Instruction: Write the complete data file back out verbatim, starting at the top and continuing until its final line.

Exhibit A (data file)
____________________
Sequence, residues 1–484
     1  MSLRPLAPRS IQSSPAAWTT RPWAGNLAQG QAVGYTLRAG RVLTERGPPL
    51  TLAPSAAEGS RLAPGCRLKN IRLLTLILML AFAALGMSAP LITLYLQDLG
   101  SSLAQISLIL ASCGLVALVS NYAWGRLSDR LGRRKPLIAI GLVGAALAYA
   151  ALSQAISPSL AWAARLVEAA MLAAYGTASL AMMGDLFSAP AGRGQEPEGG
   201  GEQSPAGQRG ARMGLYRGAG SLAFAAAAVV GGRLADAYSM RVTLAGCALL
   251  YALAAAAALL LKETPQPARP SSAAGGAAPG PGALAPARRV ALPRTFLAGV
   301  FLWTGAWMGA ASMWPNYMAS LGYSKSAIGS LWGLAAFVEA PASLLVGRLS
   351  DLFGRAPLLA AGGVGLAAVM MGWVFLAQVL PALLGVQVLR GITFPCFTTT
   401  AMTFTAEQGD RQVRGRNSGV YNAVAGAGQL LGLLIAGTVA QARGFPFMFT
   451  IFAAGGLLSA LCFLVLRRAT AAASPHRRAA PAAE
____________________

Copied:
Sequence, residues 1–484
     1  MSLRPLAPRS IQSSPAAWTT RPWAGNLAQG QAVGYTLRAG RVLTERGPPL
    51  TLAPSAAEGS RLAPGCRLKN IRLLTLILML AFAALGMSAP LITLYLQDLG
   101  SSLAQISLIL ASCGLVALVS NYAWGRLSDR LGRRKPLIAI GLVGAALAYA
   151  ALSQAISPSL AWAARLVEAA MLAAYGTASL AMMGDLFSAP AGRGQEPEGG
   201  GEQSPAGQRG ARMGLYRGAG SLAFAAAAVV GGRLADAYSM RVTLAGCALL
   251  YALAAAAALL LKETPQPARP SSAAGGAAPG PGALAPARRV ALPRTFLAGV
   301  FLWTGAWMGA ASMWPNYMAS LGYSKSAIGS LWGLAAFVEA PASLLVGRLS
   351  DLFGRAPLLA AGGVGLAAVM MGWVFLAQVL PALLGVQVLR GITFPCFTTT
   401  AMTFTAEQGD RQVRGRNSGV YNAVAGAGQL LGLLIAGTVA QARGFPFMFT
   451  IFAAGGLLSA LCFLVLRRAT AAASPHRRAA PAAE